5. The control module of claim 4, wherein the bootloader initially transfers the executable code block into RAM by transferring data that would not overwrite the bootloader into the correct memory locations for execution by the microcontroller and transferring data that would overwrite the bootloader into temporary storage locations in memory.
6. The control module of claim 5, wherein the bootloader, after initially transferring the executable code block into RAM, transfers the data that has been transferred into temporary storage locations into correct memory locations for execution.
7. The control module of claim 6, wherein the microcontroller is based on an INTEL® 8051 microcontroller.
8. A bootloader for sensing a configuration of a specific one of a plurality of alternative terminal configurations connected to a scanner using a universal serial bus connection and selecting and loading an appropriate one of a plurality of alternative initialization modules, to control the operation of a communication control module for managing communication between the scanner and the terminal each one of the plurality of alternative initialization modules controlling communication between the scanner and a specified terminal configuration to which the initialization module is adapted, comprising:
a configuration detection module for detecting a configuration in which the scanner is to be used, detection of the configuration including identification of the specific terminal configuration with which the scanner is being used;
a load preparation module for appending an interrupt service request table belonging to the selected initialization module to an image of the bootloader stored in semipermanent memory, in order to allow transfer of the bootloader image including interrupt service request table from semipermanent memory to a RAM upon reset of the control module, the interrupt service request table being adapted for use with a specified terminal configuration for which the initialization module is adapted; and
one or more software modules for transferring an executable code block for the selected initialization module to the RAM for execution in order to control the operation of the control module.
9. The control module of claim 8, wherein the one or more software modules for transferring the executable code block to RAM include a semipermanent memory to RAM transfer module for transferring the executable code block for the selected initialization module from semipermanent memo to RAM, the semipermanent memory to RAM transfer module being operative to transfer any data in the executable code block that would overwrite the bootloader to a temporary location in RAM and a RAM to RAM transfer module for copying data from the temporary locations in RAM to correct locations for execution in order to control the operation of the control module.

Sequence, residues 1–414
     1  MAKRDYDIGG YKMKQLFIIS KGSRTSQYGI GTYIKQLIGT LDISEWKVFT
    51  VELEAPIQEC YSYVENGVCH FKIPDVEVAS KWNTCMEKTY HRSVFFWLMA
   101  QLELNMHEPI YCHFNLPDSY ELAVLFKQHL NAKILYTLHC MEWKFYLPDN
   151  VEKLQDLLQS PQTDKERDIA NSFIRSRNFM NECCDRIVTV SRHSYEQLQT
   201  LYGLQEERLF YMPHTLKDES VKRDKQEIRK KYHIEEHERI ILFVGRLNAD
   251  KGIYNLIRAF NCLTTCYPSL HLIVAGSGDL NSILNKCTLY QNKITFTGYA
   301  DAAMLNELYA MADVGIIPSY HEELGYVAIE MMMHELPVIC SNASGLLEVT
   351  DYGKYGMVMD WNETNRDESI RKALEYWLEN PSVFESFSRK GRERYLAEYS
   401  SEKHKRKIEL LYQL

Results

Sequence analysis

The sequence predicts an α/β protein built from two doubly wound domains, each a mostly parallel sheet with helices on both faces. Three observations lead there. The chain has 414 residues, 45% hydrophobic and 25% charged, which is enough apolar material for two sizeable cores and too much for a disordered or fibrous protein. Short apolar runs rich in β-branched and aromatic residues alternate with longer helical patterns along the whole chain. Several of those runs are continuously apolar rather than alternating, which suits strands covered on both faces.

10. A method of initialization of a bar code scanner for communication with a terminal over a universal serial bus connection, comprising the steps of:
transferring a bootloader from a semipermanent memory to a RAM for execution;
sensing a configuration of a terminal connected to the scanner;
selecting an initialization module for use with the detected terminal configuration, the initialization module being one of a plurality of alternative initialization modules, each of the plurality of alternative initialization modules being adapted to control communication between the scanner and a specified terminal configuration associated with the module;
copying an interrupt service request table for the selected initialization module to an image of the bootloader in the semipermanent memory, the interrupt service request table being one of a plurality of alternative interrupt service request tables, each of the alternative service request tables being adapted to one of the alternative initialization modules and being adapted for use with the specified terminal configuration with which the initialization module is adapted for use;
transferring the image of the bootloader from the semipermanent memory to the RAM, including the interrupt service request table for the selected initialization module; and
transferring an executable code block for the selected initialization module from semipermanent memory to RAM for execution in order to control the operation of the control module.